AI & Visual Computing

AI & Visual Computing
 

AI and machine learning are providing a timely boost to the fields of computer vision and computer graphics, enabling computers to massively improve their visual understanding of the world, and to become vastly better at creating new virtual worlds and their depictions. Applications within the field include traditional digital media such as VFX and games, as well as computational design & fabrication, VR/AR/MR, visual understanding and reasoning, multi-modal learning, video analytics, controlled image/video generation, training simulators, context-aware devices and robots, sports analytics, and much more.
 

Visual computing is of significant importance to our local BC digital media eco-system which is experiencing dramatic growth and currently includes over 600 digital media (VFX, games, VR, etc...) companies with $2.3 billion in annual revenues.
 

At UBC we have developed specific strengths around:

  • End-to-end architecture design and training of deep neural networks for variety of visual tasks. Including in large-scale supervised, semi-supervised and weakly-supervised settings, where only limited amount of labeled training data is available.
  • Building AI agents capable of leveraging, modeling and learning from multi-modal (visual, lingual, audio, geometric & photometric) data.
  • Leveraging AI in support of the design of shapes, motions and imagery, where the algorithms need to integrate a comprehensive mix of available data, human input to the creative process, and functional design criteria.

 

Shared Interests:

Modeling Skilled Movement for Humans, Animals, and Robots: Learning data-driven and/or physics-based models capable of producing high-quality, real-time animated or simulated movements, with applications to simulation & visualization, VFX, games, simulated robotic skills, ergonomics, and biomechanics.

Detecting and Transferring Style: Quantifying notions of style and aesthetics across diverse domains, including fashion, architecture, and interior design via combination of domain knowledge and learning from human perception studies.

Perception Driven Shape Modeling: Modeling algorithms that mimic human perception of shape by combining active learning with Gestalt principles, supporting intuitive modeling and editing of 2D and 3D content.

Intelligent Animation Tools: Artist-driven toolsets that augment or replace the low-level processes that are currently a principal bottleneck in the production of VFX, games, and other graphics applications. New tools leverage learning-based approaches to support efficient creation and editing of motion, with desired styles and constraints.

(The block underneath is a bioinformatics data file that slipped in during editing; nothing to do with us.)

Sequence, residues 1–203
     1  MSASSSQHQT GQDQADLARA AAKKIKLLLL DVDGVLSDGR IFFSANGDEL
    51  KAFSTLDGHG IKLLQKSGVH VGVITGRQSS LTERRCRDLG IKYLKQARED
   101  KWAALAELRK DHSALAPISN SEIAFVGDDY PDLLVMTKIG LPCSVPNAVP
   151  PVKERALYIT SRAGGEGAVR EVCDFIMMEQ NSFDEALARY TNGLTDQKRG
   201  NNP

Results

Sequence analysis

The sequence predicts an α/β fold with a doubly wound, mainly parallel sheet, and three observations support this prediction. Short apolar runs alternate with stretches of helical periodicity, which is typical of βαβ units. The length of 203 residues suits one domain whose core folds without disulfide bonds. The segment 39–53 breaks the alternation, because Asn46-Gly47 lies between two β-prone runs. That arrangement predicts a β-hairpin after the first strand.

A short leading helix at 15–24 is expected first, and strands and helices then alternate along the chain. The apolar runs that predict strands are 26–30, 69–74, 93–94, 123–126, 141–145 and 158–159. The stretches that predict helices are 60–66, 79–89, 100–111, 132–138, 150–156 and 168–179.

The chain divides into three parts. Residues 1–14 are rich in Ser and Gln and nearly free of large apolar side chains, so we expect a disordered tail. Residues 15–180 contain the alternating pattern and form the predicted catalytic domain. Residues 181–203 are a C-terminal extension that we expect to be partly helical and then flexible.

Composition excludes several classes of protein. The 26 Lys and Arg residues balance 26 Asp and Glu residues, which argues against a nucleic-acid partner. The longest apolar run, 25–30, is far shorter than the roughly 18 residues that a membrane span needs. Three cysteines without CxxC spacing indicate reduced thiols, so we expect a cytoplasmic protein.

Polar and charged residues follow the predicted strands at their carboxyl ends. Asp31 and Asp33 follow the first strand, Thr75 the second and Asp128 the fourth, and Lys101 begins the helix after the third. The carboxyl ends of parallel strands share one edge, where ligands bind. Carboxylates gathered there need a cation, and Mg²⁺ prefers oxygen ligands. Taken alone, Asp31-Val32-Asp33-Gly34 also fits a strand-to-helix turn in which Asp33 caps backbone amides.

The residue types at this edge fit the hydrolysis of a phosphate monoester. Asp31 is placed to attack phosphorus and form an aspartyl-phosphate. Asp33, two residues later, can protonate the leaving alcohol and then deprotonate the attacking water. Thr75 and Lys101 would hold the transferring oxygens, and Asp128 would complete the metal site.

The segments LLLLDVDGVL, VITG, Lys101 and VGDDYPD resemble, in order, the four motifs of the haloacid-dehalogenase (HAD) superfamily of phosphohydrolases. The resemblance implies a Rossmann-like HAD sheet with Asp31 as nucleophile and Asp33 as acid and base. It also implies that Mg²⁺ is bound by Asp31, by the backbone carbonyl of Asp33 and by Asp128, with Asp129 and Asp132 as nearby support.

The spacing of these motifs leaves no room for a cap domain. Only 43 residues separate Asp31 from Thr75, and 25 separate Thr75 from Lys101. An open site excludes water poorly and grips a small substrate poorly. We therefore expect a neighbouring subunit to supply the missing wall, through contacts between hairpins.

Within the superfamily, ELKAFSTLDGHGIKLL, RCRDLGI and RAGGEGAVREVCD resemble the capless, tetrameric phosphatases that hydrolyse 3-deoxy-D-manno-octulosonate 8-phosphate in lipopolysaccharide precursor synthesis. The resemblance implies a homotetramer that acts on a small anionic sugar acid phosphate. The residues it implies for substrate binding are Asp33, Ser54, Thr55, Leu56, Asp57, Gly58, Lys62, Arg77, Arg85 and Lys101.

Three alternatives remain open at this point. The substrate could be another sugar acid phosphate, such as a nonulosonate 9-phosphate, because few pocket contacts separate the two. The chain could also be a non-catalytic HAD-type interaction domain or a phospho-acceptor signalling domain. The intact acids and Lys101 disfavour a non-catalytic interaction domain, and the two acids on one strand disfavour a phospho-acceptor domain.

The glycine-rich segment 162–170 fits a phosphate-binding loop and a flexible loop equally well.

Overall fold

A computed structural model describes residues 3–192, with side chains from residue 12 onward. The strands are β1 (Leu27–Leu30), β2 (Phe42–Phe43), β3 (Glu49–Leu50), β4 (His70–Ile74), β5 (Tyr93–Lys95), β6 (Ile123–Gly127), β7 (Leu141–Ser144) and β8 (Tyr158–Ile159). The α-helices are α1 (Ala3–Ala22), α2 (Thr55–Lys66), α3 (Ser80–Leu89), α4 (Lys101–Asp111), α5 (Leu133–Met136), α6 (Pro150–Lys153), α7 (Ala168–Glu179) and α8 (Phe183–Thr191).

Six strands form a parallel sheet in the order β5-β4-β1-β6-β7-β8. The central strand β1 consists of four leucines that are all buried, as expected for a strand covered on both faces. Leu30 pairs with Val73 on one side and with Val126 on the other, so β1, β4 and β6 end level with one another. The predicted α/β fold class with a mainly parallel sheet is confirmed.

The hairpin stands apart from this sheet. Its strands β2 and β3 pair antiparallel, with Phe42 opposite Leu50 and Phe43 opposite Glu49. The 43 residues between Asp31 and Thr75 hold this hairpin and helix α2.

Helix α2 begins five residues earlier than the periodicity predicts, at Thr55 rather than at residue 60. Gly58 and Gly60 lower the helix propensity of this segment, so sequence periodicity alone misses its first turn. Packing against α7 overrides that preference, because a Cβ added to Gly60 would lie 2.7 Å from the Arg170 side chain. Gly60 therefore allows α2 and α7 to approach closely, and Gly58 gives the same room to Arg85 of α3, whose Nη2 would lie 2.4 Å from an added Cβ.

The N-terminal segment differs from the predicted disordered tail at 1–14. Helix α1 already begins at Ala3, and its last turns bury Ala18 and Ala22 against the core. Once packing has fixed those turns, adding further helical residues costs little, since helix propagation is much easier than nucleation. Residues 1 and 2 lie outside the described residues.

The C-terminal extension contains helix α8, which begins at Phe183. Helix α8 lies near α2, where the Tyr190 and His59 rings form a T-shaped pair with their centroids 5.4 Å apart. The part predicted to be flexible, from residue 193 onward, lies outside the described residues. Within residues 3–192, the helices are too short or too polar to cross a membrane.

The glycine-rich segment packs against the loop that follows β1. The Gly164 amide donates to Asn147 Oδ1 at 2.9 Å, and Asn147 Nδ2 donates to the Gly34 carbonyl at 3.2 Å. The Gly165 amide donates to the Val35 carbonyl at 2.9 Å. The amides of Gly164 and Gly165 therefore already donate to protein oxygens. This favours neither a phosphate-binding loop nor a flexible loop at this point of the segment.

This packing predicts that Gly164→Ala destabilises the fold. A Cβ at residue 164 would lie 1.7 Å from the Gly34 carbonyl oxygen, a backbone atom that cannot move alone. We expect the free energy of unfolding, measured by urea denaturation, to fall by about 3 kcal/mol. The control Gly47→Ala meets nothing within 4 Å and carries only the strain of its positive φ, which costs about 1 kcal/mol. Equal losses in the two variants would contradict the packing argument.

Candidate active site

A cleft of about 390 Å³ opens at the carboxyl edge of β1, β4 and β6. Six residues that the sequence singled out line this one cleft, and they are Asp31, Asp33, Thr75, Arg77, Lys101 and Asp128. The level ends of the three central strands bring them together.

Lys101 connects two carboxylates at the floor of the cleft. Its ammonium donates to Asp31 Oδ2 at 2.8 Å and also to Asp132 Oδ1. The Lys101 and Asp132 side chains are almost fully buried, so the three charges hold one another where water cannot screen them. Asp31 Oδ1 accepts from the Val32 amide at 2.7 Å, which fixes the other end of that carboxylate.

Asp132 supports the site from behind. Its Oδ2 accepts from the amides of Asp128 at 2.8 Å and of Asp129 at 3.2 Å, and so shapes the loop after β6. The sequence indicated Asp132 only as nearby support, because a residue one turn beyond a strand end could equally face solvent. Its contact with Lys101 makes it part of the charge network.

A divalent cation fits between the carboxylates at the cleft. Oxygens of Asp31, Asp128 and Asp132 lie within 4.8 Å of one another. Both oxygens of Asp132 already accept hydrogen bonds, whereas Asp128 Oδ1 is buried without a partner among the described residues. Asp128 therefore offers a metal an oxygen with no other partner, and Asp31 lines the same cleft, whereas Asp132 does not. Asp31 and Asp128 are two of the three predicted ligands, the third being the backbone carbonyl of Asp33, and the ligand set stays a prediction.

Neural rendering: Efficient photorealistic rendering of skin and clothing by augmenting low-fidelity renders with learned details.

Self-supervised representation learning: Self-supervision leverages real but unlabelled images for disentangling the intrinsic scene geometry and appearance. The resulting structured, low-dimensional representations enable supervised training on orders of magnitude smaller datasets, thereby mitigating laborious manual annotation.

Mobile sensors: Deep learning has revolutionized the reconstruction of 3D geometry from 2D images. We explore alternative sensing modalities, such as disentangling echoes in time series recorded with acoustic cameras; integrating instantaneous measurements from event cameras, which count single photons; and combined sensing with accelerometers (IMUs).

Anomaly detection and re-identification: Deep neural networks are known to be overly confident when exposed to test examples that are dissimilar to the training set. This renders decision making risky and can be fatal in critical decisions, such as detecting unknown objects for autonomous driving and reacting to aggressive behavior on public places under surveillance. We explore how well a trained generative model can explain a new observation.

Conditional generative modeling: Integration of convenient user-control into high-resolution expressive generative models (GANs and VAEs) capable of generating diverse but consistent image and video samples and scene layouts.

Multi-modal visual learning and reasoning: End-to-end architectures that can integrate various forms of spatial (image) and sequential (text, audio) information, as well as can focus on aspect of that information that is relevant for the task, through neural attention and memory are critical for perception and reasoning. We develop novel architectures and learning mechanisms for such generic AI uses, including visual captioning, question answering and language grounding.

Digital Humans: Fast and accurate simulation of human bodies and clothing, using physics-based and data-driven models

 

Areas of collaboration between sub-group members:

1. Capture and reconstruction

2. Analysis and processing of artist imagery

3. Reinforcement learning

4. Visual perception and understanding

5. Digital Human Models

 

Team:

AI & Visual Computing Team